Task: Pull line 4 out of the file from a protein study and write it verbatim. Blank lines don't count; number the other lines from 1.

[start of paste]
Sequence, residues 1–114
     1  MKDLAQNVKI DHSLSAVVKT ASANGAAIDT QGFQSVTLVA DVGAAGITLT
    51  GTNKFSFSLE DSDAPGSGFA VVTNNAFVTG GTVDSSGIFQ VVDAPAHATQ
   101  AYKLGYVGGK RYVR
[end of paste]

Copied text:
   101  AYKLGYVGGK RYVR